(Rare bound photocopy) $29.95-70%=8.99


Distinctive Principles of the Reformed Presbyterian Church (1841)
This book is not designed to discuss "the (many-RB) doctrines which the Reformed Presbyterian church holds in common will others," but is written to set forth RP distinctives. It tackles its subject from three major heads: "Social Covenanting;" "The Dominion of Christ;" and "The Universal Application of Scripture (civil as well as religious)." It shows that while these doctrines "are held by many, as abstract doctrines of divine truth, they are not embodied in the testimony of any other Christian denomination: nor made necessary to ministerial or Christian fellowship. Although other individuals may hold these doctrine, it is a 'distinctive' feature of the RPC to embody them in her testimony; and to make them terms of communion." It also explains how these are the same distinctives that were maintained "at the era of the reformation, (when) the covenanted church of Scotland bore a distinguished testimony for all the offices of Christ, as prophet, priest and king: and for the pure doctrines, worship, discipline, and government of the house of God." The author states that "the great object aimed at is to help forward the glorious triumph of the Messiah, so beautifully described in the 72nd Psalm. When 'all Kings shall fall down before him; and all nations shall serve him.'"
(Rare bound photocopy) $49.95-80%=9.99


The Duty and Perpetual Obligation of Social Covenanting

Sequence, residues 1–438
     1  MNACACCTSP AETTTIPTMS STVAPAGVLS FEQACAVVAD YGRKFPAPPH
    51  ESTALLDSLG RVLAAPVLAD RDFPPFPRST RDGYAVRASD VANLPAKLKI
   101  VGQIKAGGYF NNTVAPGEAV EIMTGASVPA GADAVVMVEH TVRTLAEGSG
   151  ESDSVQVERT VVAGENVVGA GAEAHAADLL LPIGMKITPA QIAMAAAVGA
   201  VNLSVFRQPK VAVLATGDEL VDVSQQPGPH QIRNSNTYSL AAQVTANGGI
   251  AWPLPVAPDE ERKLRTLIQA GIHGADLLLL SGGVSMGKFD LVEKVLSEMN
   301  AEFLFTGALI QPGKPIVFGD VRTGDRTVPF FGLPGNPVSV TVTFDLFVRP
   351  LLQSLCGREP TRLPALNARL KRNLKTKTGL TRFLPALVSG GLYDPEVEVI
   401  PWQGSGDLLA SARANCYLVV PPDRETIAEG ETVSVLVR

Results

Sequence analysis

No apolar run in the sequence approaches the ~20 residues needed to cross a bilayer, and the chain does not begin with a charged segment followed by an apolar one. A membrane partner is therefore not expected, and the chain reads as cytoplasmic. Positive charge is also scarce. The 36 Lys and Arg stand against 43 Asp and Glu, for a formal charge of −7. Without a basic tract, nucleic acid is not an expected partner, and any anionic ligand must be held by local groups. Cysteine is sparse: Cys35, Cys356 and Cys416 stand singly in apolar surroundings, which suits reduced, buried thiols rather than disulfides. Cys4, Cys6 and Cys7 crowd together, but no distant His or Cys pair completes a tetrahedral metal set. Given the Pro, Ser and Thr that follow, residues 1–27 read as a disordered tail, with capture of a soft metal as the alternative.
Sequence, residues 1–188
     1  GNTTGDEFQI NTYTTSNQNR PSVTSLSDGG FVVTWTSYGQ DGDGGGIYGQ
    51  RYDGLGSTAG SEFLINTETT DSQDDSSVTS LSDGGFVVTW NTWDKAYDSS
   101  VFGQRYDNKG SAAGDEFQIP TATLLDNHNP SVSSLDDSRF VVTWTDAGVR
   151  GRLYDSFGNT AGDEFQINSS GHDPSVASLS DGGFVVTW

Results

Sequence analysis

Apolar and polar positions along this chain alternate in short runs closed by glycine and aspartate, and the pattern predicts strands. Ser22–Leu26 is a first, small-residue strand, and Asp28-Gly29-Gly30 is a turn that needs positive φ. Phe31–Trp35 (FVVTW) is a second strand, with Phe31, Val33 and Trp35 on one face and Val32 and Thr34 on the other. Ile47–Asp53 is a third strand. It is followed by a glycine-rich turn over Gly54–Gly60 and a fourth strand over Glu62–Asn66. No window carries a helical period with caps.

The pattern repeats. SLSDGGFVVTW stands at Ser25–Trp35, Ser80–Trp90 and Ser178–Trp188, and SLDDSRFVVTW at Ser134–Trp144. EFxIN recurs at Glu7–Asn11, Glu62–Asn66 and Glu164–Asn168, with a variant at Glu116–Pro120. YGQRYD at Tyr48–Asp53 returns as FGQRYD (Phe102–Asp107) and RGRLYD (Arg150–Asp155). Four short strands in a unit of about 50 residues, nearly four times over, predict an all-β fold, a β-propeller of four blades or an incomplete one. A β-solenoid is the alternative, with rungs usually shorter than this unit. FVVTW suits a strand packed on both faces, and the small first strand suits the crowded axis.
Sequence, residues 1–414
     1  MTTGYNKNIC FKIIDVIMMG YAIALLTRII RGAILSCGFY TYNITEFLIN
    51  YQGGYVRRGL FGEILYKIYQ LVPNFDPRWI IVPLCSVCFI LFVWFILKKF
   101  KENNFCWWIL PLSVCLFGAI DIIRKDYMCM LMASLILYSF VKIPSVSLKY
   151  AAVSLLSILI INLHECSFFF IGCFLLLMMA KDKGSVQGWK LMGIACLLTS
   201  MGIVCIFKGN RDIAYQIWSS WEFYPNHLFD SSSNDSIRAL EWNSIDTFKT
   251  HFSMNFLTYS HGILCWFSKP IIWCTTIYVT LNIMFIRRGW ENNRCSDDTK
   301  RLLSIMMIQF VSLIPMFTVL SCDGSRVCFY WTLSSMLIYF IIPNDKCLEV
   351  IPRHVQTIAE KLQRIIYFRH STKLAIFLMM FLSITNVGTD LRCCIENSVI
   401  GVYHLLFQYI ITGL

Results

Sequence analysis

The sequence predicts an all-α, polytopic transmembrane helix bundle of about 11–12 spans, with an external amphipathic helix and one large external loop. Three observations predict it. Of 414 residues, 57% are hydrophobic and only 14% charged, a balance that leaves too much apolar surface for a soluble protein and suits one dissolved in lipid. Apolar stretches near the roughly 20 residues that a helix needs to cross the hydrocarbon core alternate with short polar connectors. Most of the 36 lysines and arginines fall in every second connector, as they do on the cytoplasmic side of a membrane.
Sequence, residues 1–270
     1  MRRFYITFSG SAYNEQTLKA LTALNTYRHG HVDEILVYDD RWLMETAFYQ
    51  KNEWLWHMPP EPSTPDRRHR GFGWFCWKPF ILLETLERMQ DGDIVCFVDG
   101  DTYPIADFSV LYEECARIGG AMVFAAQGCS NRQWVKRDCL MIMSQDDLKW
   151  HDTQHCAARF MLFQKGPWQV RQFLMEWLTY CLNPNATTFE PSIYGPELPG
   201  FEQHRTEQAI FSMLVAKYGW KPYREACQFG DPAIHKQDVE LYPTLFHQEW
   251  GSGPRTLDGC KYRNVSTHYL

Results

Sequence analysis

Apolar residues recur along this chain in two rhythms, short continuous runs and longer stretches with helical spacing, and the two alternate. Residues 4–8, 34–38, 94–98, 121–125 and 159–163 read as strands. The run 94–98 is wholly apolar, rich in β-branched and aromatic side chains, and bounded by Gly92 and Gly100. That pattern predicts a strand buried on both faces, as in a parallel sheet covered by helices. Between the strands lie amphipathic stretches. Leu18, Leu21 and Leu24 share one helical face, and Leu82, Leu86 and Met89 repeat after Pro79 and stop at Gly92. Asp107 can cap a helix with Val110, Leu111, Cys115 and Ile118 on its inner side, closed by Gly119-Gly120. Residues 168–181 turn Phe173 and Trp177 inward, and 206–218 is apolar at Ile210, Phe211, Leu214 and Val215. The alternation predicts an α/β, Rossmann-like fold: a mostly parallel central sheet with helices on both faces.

The material found in this bound photocopy addresses a forgotten and neglected ordinance of God: social covenanting. God's people in times of repentance and thanksgiving, trial and blessing have been a covenanting people. In the most pure times of ecclesiastical and civil reformation throughout history, both church and state under the mediatorial rule of Christ have by the grace of God bound themselves together by covenant to promote and defend the true Christian religion. The first document adopted by the Westminster Assembly was in fact, the Solemn League and Covenant (1644). It united the kingdoms of Scotland, England, and Ireland in a covenanted reformation of both church and state in order to preserve, promote and defend the true Christian religion (as summarized in the Westminster Confession of Faith, Larger and Shorter Catechisms, Directory For Public Worship, and Form of Church Government), and in order to expose and uproot all false teaching contrary to the Scripture and these standards. Furthermore, it was not only the desire of the Westminster Assembly to unite in covenant the three British kingdoms, but rather to include in this covenanted reformation all of the Reformed Churches throughout Europe. Consider the goal of the Assembly as summarized by Hetherington: "There was one great, and even sublime idea, brought somewhat indefinitely before the Westminster Assembly, which has not yet been realized, the idea of a Protestant union throughout Christendom, not merely for the purpose of counterbalancing Popery, but in order to purify, strengthen, and unite all true Christian churches, so that with combined energy and zeal they might go forth, in glad compliance with the Redeemer's commands, teaching all nations, and preaching the everlasting gospel to every creature under heaven. This truly magnificent, and also truly Christian idea, seems to have originated in the mind of that distinguished man, Alexander Henderson. It was suggested by him to the Scottish commissioners, and by them partially brought before the English Parliament, requesting them to direct the Assembly to write letters to the Protestant Churches in France, Holland, Switzerland, and other Reformed Churches. . . . and along with these letters were sent copies of the Solemn League and Covenant, a document which might itself form the basis of such a Protestant union. The deep thinking divines of the Netherlands apprehended the idea, and in their answer, not only expressed their approbation of the Covenant, but also desired to join in it with the British kingdoms. Nor did they content themselves with the mere expression of approval and willingness to join. A letter was soon afterwards sent to the Assembly from the Hague, written by Duraeus (the celebrated John Dury), offering to come to the Assembly, and containing a copy of a vow which he had prepared and tendered to the distinguished Oxenstiern, chancellor of Sweden, wherein he bound himself 'to prosecute a reconciliation between Protestants in point of religion'. . . . [O]n one occasion Henderson procured a passport to go to Holland, most probably for the purpose of prosecuting this grand idea. But the intrigues of politicians, the delays caused by the conduct of the Independents, and the narrow-minded Erastianism of the English Parliament, all conspired to prevent the Assembly from entering farther into that truly glorious Christian enterprise. Days of trouble and darkness came; persecution wore out the great men of that remarkable period; pure and vital Christianity was stricken to the earth and trampled under foot. . ." (William Hetherington, History of the Westminster Assembly of Divines , [Edmonton, Alberta: Still Waters Revival Books], pp. 337-339). The material presented herein is commended to the reader with the sincere prayer and confidence that God will again restore the Church of Jesus Christ to a glorious covenanted reformation--one that will even surpass that one to which she had attained at the time of the Westminster Assembly. However, when the Lord brings that future covenanted reformation it will not be limited to only three kingdoms of the earth, but by the grace and power of Christ our King, it will be a covenanted reformation that will encompass all of the nations of the earth (Ps. 2:6-12; Is. 2:1-4; Mt. 28:1-20) and will bring to the church a visible unity and uniformity that (unlike pleas for unity today) is firmly grounded upon the truth" (Greg Price, Preface). The material contained in this compilation was gathered together by the session of the Puritan Reformed Church of Edmonton/Prince George. Its 210 pages contain the following items, as listed in this bibliography for social covenanting.